Last year they climbed the easier side of Peña Negra in the La Covatilla stage. The last time they climbed this side was 2004, in the Ávila stage. Juan Fuentes won the climb from the early break, Javier Pascual won the stage in a two-up against Iván Parra. Typically the climb has been used as part of intermediate stages into Ávila like that, going over Peña Negra early, then over rolling terrain through the Sierra de Gredos, descending through the Puerto del Pico and ascending the Puerto de Serranillos. Laurent Jalabert won a 1995 stage of that fashion, from Salamanca, taking the Peña Negra summit en route despite already being in the race lead. The 1995 stage was a clone of a stage which had in fact been used three times before, and it was the third time in four years that an almost identical stage design had been used, after 1992 and 1993. The reason for the repetition, however, was an attempt to ape Bernard Hinault's legendary attack in 1983 that was part of what cemented Ávila's place of legend in the Vuelta long before Frank Vandenbroucke had even considered it. Hinault was a bit of a wounded animal at that point in the 1983 race, having taken the lead on stage 5 but lost it a day later having been caught out in the Pyrenees. Suffering from tendinitis, he also lost time in the Panticosa TT at the midway point, and while he'd gained some time back on Gorospe and Fernández at Lagos de Covadonga, he'd lost it to Marino Lejarreta. Also growing suspicious of his young teammate Laurent Fignon, the always belligerent Badger won the stage 15 ITT but was still just over a minute off the lead going into the penultimate decisive stage. He attacked hard on Peña Negra, well over 100km from home, and isolated the other leaders, before disappearing once and for all on the Puerto de Serranillos. He was not keen on being upstaged, regardless of the consequences, and the Badger felt he was being humiliated in Spain against opposition he ought to have stomped. Tendinitis be damned, he rode his heart out to prove his point, and while eventually Lejarreta and Belda joined him, he took the stage and turned his disadvantage into a clear lead, with the trio finishing three minutes up on anybody else - with Fignon leading the second group.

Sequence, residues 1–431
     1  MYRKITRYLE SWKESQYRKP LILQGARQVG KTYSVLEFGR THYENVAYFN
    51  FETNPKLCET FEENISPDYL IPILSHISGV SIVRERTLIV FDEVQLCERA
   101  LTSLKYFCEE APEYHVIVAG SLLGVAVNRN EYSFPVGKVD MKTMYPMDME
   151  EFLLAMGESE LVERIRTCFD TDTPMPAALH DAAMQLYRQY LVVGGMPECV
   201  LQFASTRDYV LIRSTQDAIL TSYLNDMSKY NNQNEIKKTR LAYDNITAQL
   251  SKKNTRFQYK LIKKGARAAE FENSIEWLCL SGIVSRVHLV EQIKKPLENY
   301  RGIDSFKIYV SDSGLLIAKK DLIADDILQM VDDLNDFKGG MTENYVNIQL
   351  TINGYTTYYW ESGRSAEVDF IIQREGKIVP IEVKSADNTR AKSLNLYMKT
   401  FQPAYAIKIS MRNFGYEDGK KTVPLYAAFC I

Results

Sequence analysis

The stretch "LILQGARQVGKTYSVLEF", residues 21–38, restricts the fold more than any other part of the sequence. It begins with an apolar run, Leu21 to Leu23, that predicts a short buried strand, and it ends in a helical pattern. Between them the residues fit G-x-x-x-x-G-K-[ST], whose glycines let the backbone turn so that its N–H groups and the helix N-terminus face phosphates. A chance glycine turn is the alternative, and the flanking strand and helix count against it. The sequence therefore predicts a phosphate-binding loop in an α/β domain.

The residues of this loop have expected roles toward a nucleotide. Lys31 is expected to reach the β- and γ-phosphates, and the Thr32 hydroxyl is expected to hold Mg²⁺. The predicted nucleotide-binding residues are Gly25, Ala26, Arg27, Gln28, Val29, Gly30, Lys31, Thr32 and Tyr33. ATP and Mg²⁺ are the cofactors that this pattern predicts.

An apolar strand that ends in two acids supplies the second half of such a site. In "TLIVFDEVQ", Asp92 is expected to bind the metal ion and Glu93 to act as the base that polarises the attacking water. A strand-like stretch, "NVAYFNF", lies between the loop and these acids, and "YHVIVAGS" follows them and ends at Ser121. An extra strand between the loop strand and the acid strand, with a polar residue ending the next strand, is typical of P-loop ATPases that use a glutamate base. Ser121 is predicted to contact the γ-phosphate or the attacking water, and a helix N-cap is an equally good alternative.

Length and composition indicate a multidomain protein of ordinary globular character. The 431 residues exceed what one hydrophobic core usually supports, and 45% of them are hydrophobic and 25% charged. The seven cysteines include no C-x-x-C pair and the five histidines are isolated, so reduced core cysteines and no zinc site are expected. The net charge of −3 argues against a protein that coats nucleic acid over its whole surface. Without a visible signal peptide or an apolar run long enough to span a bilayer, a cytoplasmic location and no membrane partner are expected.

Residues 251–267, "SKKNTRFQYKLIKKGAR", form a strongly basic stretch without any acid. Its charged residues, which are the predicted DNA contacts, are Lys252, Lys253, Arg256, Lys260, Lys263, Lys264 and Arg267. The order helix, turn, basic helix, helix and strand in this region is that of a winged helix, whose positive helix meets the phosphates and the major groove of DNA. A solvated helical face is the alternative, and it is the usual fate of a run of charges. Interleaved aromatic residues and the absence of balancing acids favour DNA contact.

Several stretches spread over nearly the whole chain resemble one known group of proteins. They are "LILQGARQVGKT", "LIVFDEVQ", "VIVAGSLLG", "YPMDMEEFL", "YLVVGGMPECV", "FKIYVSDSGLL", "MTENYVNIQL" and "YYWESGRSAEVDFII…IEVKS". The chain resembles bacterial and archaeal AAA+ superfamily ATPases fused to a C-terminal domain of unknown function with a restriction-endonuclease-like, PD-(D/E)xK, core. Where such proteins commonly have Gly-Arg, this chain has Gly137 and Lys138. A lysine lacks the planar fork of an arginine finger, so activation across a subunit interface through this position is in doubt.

Of course, as well as being one of the Vuelta's most legendary stages, comparable in lore to Fuente's legendary Formigal raid, Loroño being wrestled off his bike on the snowy Puerto de Pajáres, and in latter years Heras' Pajáres masterstroke and Contador's Fuente Dé escapades, that stage also paved the way for the next phase of cycling history, with the effects of riding on through the tendinitis to prove his point causing Hinault to miss the Tour de France; that led to Renault-Elf putting their weight behind Fignon, who won the Tour and set in motion the rivalry that would characterise the next few years. 1983 is probably the only time that Peña Negra has really played a central role in proceedings, despite being over 100km from the finish, due to the Badger's determination that ultimately cost him dearly, despite winning him what is still considered one of the greatest Vueltas ever raced, tomorrow is probably its best chance since then to pave itself into the race's lore.